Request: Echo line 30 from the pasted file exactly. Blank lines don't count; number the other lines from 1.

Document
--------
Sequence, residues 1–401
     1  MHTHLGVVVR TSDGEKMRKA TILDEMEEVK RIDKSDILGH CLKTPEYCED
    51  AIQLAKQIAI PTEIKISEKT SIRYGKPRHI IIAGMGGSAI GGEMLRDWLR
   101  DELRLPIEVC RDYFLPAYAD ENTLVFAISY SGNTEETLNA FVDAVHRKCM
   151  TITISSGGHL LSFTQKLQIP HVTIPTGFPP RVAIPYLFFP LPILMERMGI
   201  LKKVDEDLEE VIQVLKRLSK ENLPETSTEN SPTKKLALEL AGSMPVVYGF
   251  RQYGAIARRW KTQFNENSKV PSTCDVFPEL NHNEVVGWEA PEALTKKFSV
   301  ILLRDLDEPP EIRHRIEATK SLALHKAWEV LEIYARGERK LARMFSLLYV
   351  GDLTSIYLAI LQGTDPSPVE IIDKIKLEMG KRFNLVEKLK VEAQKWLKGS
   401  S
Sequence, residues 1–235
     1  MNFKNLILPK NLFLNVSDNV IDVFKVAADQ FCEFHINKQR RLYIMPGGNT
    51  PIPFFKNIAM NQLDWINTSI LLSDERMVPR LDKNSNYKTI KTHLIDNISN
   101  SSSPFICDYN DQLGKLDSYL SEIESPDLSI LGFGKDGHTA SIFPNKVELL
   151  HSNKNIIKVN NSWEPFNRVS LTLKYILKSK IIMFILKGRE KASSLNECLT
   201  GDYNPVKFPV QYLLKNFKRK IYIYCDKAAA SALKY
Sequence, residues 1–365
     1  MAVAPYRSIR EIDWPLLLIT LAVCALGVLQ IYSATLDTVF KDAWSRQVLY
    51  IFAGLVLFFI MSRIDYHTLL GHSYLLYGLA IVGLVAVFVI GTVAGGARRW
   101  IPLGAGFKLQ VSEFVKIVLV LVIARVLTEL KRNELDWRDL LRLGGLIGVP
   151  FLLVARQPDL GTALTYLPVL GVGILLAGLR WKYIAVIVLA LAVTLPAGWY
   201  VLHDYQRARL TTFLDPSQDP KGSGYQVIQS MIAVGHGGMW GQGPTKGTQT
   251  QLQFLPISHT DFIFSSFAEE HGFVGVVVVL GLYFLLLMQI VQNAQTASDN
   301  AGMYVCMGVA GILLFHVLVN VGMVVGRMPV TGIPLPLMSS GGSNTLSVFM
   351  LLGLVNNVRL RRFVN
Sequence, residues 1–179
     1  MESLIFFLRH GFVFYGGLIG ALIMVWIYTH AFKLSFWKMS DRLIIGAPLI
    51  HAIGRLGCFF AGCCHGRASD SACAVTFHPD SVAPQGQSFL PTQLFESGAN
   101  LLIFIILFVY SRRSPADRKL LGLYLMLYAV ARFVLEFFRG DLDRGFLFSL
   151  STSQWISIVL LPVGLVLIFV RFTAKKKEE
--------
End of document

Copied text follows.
   151  STSQWISIVL LPVGLVLIFV RFTAKKKEE